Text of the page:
44. Memphis Picked to Win AAC West Division -

In a poll of media members who cover the American Athletic Conference, the University of Memphis football team was picked to edge out both Houston and Navy to win the American Athletic Conference West Division.

45. Ramsey Clear in Push to Politicize Supreme Court -

Republican Lt. Gov. Ron Ramsey has a penchant for igniting flames of partisanship, and the retirement of Tennessee Supreme Court Justice Gary Wade is no exception.

46. Moving Slowly, Growing Quickly -

Time was, crossing Lower Broadway safely only meant dodging woozy country music fans, speeding cabs and the occasional errant tour bus.

They’re all still there, but they’ve been joined by a wide and growing variety of small-motor or human-powered vehicles shuttling residents and tourists in and around downtown Nashville.

47. Unlikely Path -

It all started on whim. Cassius Cash was on his way to band practice at the University of Arkansas when he decided to practice his interview skills instead.

“Someone informed me the (U.S.) Forest Service was doing recruitment, but I had no intention of going in there and landing the internship,” says Cash of that interview for a wildlife biologist internship. “I thought the interview was about as far as I was going to go to chase my dreams.”

48. Director of Tennessee Food Program Resigns, Criticizes Leadership -

NASHVILLE, Tenn. (AP) — The director of an $80 million food program for impoverished children has resigned following a story in The Tennessean reporting at least $1.8 million in questionable spending last year by contractors.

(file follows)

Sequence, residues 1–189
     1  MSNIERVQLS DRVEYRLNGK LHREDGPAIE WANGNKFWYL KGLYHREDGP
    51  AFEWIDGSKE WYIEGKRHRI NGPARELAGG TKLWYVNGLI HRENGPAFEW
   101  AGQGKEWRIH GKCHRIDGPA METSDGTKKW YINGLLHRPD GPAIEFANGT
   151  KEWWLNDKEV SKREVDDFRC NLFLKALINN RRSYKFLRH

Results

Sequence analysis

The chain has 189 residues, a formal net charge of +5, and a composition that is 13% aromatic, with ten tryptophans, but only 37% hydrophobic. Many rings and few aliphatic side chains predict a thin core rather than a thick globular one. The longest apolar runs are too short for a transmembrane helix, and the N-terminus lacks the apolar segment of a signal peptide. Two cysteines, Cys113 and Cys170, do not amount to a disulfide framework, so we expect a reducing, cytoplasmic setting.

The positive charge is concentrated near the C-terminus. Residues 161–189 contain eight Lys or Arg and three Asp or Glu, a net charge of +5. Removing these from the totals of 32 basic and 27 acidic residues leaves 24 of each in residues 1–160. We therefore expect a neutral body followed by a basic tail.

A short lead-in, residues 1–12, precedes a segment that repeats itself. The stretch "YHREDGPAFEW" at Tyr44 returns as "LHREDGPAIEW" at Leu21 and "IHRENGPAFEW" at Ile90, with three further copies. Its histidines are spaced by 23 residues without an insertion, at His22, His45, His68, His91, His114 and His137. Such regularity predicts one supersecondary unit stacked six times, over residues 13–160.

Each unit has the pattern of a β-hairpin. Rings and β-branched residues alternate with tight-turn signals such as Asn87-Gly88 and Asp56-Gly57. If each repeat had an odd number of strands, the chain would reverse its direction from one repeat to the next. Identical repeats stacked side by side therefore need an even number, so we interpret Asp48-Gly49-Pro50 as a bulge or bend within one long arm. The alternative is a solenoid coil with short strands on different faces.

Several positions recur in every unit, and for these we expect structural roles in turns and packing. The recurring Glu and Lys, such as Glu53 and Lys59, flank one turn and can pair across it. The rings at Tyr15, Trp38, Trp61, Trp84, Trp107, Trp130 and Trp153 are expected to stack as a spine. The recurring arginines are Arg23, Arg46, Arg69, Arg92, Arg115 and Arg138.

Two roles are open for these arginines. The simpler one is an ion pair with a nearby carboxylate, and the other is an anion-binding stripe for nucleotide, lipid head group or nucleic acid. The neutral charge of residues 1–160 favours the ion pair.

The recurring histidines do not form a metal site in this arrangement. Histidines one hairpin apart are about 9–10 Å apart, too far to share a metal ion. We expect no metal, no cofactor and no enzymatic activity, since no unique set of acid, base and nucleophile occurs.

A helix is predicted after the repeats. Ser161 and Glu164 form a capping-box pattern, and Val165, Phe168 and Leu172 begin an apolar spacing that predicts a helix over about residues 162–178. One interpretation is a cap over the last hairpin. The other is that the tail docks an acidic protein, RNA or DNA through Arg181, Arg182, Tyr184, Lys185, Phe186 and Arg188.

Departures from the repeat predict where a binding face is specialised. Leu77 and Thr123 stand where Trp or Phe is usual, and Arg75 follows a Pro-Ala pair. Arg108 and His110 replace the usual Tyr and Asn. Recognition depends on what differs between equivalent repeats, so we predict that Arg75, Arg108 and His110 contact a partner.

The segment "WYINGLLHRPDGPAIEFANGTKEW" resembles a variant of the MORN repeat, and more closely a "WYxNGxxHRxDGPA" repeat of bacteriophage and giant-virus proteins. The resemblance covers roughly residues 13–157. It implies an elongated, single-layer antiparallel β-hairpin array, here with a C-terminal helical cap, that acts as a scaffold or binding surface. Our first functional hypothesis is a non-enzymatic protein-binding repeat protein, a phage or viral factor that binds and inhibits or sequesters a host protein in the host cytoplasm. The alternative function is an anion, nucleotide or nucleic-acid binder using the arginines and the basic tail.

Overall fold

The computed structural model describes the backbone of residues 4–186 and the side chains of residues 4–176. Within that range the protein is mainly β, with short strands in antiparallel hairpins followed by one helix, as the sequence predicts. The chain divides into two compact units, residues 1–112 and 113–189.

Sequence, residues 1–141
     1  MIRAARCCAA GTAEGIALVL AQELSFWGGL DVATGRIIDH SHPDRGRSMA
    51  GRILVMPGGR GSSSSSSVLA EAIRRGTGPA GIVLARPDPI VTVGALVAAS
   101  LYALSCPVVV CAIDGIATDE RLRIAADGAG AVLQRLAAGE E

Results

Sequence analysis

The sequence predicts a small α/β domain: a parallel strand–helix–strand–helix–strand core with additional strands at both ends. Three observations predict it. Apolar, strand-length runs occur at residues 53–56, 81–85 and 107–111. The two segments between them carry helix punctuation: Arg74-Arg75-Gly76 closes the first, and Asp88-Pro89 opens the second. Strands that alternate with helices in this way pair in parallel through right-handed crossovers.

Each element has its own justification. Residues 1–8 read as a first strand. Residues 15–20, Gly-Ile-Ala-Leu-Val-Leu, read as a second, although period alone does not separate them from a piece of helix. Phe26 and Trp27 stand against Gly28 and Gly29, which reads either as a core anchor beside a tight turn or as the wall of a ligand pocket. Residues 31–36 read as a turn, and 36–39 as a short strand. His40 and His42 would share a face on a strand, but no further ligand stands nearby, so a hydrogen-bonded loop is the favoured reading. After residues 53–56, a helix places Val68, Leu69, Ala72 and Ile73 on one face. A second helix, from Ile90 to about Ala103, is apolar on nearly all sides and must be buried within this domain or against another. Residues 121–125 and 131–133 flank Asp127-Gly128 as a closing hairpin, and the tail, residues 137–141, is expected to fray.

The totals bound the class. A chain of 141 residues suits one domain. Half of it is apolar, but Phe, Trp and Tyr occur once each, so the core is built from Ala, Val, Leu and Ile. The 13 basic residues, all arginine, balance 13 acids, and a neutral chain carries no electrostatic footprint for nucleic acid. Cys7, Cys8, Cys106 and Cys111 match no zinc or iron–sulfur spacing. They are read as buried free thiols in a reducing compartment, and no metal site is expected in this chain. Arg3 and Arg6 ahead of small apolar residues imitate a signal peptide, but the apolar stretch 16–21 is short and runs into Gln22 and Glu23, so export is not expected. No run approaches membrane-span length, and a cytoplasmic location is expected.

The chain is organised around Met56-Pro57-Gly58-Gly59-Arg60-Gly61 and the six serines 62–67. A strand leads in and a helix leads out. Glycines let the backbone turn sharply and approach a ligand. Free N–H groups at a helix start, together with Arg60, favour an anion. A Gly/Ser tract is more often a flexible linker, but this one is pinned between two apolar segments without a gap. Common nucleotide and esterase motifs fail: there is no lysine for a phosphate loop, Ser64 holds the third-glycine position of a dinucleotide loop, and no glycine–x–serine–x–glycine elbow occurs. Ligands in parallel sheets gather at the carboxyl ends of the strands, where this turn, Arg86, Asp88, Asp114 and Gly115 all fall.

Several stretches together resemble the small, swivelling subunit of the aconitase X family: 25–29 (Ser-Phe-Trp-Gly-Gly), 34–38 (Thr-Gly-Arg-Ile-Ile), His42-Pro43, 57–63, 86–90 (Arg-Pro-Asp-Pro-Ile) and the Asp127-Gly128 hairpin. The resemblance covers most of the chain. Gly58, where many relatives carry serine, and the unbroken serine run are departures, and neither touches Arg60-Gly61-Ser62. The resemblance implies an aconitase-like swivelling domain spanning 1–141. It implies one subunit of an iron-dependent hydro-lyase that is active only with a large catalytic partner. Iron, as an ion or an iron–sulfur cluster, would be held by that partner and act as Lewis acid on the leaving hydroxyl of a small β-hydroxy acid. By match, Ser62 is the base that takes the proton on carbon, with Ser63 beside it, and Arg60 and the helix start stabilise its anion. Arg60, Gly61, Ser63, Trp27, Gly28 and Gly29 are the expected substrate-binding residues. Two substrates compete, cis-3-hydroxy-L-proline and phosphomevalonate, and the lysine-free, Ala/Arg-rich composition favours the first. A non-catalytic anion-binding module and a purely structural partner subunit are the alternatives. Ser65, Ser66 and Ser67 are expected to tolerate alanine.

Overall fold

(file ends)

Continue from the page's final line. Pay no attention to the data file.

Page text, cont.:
49. Haunted History, A Story Retold -

WORRY ABOUT THE DOGS. Depending on who’s talking and when, history around Fort Pillow changes.

At the time of this story – one I shared first in a 2013 column – it was called the Cold Creek Correctional Facility, a minimum-security operation farming about 6,000 acres in Lauderdale County. Next it was called the Fort Pillow Prison and Farm, next door to something called the West Tennessee High Security Facility, now the West Tennessee State Penitentiary.

50. Cooking Companies -

One indication of the pervasiveness of an area’s startup culture is arguably the presence of incubators and accelerators focused on a variety of narrow purposes.

It’s why the Memphis area is home to plenty of such organizations focused on tech startups, social startups, medical device startups and startups led by women. And it’s why a kitchen incubator in West Memphis that launched in recent weeks is focused on startups in the food industry.

51. County Term-Limit Changes Proposed -

Just as the ballot was set for the October Memphis elections last week, some politicos were laying the groundwork for the 2016 election season in Shelby County.

That foundation includes two proposed amendments that would undo two Shelby County government charter amendments approved by voters in 2008.

52. New Daisy Renovation Signals New Era for Historic Building -

With a national partner found in Live Nation Entertainment, the New Daisy Theater is getting all dolled up to host nearly 200 musical acts annually.